A general strike has been called across the cities of the occupied West Bank in protest against the assassination of seven members of Hamas, including the deputy head of its political bureau, Saleh al-Arouri.
The strike was called by Palestinian armed groups that asked people to stay home on Wednesday and only leave to march in demonstrations against the drone attack on the outskirts of Beirut.
Keep readinglist of 4 items
The slain men are Saleh al-Arouri, who was also the commander of the Qassam Brigades in the occupied West Bank; Samir Fendi, who commanded the Qassam Brigades in Lebanon; Azzam al-Aqraa, who commanded the Qassam Brigades in southern Lebanon; and members Mahmoud Shaheen, Mohammed al-Rayes, Mohammed Bashasha and Ahmed Hamoud.
All seven will be buried in Lebanon. Funerals will be held for Hamoud and Shaheen on Wednesday in the Burj al-Barajneh camp for Palestinian refugees and Taalbaya, respectively. Al-Arouri will be buried on Thursday in the Shatila refugee camp while Fendi is to be buried on Friday in the Rashidiya refugee camp and Mohammed Bashasha will be buried on the same day in Sidon.
In al-Arouri’s hometown
Al-Arouri came from Aroura, a town near Ramallah in the occupied West Bank. Many locals were mourning his death, and streams of visitors went in and out of his family home on Wednesday to pay their respects.
His sister Dalal Muhammad Suleiman, 52, described his passing as a seismic event and praised his humility and strength of character, saying he was “like a mountain”.
But her brother had long reflected on the likelihood of his death, she added.
“Even though losing him is a deep wound, we will take comfort in knowing that he followed his chosen path to the end. He devoted himself to the struggle,” she said.
When al-Arouri was younger, Suleiman said, he had “a love for altruism, bravery and a dedication to giving more to others than to himself”.
“Even in his early school years, he avidly followed the news, had a keen interest in politics and his cultural pursuits were reflected in his office.”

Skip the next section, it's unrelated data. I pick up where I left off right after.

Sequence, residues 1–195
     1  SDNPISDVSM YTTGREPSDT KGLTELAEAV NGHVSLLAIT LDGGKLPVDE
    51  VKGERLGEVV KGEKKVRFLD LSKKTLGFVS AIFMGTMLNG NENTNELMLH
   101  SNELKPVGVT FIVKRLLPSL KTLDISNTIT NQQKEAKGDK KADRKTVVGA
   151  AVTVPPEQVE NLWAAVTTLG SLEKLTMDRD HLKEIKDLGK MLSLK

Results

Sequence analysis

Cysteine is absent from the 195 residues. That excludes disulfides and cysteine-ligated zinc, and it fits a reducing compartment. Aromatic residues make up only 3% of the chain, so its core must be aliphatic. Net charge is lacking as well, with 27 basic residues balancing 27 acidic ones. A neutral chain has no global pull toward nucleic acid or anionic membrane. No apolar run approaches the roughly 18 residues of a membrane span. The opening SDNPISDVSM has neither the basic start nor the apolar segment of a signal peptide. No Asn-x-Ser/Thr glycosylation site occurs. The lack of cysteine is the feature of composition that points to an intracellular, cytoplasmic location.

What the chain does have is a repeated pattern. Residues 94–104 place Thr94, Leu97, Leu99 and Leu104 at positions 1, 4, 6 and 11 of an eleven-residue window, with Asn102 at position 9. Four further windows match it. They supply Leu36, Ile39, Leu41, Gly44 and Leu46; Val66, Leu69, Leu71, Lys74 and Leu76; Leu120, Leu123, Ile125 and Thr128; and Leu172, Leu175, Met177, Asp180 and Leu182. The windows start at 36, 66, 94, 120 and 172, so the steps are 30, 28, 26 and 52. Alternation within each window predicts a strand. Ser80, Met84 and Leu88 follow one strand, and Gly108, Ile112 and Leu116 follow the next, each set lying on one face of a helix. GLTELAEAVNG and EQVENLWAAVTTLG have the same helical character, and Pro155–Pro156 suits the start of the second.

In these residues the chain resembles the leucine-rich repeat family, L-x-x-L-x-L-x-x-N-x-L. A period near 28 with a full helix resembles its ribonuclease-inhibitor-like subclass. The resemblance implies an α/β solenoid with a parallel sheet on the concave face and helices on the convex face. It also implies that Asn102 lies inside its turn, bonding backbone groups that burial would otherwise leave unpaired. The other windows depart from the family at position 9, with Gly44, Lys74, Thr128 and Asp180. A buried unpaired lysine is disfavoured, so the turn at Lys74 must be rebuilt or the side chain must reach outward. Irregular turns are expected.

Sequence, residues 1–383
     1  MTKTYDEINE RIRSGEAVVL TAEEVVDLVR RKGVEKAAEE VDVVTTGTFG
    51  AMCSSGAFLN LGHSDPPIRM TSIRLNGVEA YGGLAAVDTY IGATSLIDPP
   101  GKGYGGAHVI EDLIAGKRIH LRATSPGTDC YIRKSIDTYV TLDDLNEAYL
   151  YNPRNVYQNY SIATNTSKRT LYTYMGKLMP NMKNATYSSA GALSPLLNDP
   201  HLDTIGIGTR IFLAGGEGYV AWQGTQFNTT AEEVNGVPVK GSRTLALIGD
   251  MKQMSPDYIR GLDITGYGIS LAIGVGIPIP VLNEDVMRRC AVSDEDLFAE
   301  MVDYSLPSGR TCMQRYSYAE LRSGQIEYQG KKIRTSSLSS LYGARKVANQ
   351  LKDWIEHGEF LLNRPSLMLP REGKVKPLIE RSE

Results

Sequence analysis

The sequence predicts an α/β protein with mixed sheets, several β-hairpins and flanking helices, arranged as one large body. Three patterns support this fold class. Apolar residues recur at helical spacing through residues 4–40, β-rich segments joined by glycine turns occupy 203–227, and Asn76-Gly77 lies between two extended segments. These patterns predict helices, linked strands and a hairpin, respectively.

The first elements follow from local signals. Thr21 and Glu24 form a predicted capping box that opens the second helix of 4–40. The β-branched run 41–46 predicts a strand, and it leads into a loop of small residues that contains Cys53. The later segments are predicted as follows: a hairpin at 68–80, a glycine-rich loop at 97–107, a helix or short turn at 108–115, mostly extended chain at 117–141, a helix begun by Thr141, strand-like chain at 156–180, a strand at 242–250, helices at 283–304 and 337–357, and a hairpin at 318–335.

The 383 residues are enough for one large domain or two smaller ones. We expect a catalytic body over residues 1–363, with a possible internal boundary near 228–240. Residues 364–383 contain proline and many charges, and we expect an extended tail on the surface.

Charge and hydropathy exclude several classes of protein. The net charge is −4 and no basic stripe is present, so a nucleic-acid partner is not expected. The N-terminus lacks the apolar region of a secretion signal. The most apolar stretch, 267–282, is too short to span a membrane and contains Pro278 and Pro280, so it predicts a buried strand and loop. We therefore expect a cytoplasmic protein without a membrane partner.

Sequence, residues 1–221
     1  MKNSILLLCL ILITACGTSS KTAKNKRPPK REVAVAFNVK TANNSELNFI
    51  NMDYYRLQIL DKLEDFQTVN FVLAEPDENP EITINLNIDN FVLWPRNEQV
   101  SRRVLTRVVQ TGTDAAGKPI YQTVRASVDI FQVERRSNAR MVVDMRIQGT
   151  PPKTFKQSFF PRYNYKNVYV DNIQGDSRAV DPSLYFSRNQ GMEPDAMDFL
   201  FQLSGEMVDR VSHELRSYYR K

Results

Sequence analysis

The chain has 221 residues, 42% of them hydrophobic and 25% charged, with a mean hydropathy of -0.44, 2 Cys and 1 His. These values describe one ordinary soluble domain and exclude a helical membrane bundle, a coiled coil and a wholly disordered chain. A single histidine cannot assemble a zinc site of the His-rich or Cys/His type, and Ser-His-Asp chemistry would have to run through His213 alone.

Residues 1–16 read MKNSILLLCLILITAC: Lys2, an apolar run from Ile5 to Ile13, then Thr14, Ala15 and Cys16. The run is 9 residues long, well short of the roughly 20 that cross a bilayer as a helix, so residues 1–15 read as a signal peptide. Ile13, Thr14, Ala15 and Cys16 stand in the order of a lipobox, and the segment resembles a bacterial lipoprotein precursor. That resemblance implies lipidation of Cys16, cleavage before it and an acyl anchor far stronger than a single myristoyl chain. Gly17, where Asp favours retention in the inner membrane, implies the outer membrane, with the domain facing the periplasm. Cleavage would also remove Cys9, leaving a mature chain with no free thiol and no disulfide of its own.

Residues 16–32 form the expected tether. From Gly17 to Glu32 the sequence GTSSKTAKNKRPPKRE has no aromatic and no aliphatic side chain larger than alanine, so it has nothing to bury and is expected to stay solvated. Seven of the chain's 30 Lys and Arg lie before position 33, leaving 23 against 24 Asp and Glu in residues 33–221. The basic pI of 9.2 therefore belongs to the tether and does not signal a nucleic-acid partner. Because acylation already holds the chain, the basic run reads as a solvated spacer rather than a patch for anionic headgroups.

Others in town also remembered him fondly. A classmate, Nasser Abdel Karim, 58, told Al Jazeera how they played together at school and went to mosque together for prayers.
In Hebron, also in the West Bank, the strike emptied the streets on Wednesday morning as shopkeepers heeded the call to close their businesses and people stayed home.
Later, demonstrators filled the streets, waving flags and chanting against Tuesday night’s attack.
Al-Arouri had a long association with Hebron, political activist Mufid Al-Sharbati, 53, told Al Jazeera.
For Al-Sharbati, the killing of al-Arouri took aim at the struggle against the Israeli occupation of Palestine.
His hope, he said, was that the Palestinian people carry on their resistance and all the Palestinian factions reconcile for the greater good.
Killing national leaders would only spur greater acts of Palestinian resistance, Majd Tamiza, 22, said.
Others, like 40-year-old barber Suhail Nasser Al-Din, urged a Lebanese response to the killings, saying groups like Hezbollah should respond to the assassination of a Palestinian national on Lebanese soil.
Hamas has blamed Israel for the drone strike, but its government has not claimed responsibility for the killings, which have sparked fears that the war in Gaza will expand into a regional conflict.
The situation was similar in Nablus, where an eerie quiet ruled the streets in the morning.
People on the streets were few and far between, but several stopped to speak to Al Jazeera about what the slain men meant to them in spite of the fact that they belonged to Hamas, which is seen by many as a rival to the Fatah movement, which governs parts of the occupied West Bank while Hamas governs the Gaza Strip.
Referring to al-Arouri, Tayseer Nasrallah, a member of the Revolutionary Council of the Fatah Movement, said: “I admire Sheikh Saleh’s stances and unionist positions. His poise and how calm and articulate he was earned him significant respect among Fatah members, not just within Hamas.
“[He] prioritised the Palestinian cause over party affiliations. His loss is deeply felt by patriots and the Palestinian people.”
“The Palestinian people realise that the path to liberation is through resistance. Sheikh Saleh al-Arouri … was a dedicated fighter for the liberation of the homeland,” said Ismat Shakhshir, a member of the General Secretariat of the General Union of Palestinian Women.
“The general strike expresses our mourning over his death while condemning the cowardly method of his assassination,” she added.
“The inability of the occupation to make headway in Gaza has led to desperate measures like these.”
Hanan Barghouthi, who has been detained by Israel, said she was deeply sorry for al-Arouri’s death but she believed the Hamas movement would remain resilient and continue to grow because of its commitment to its cause.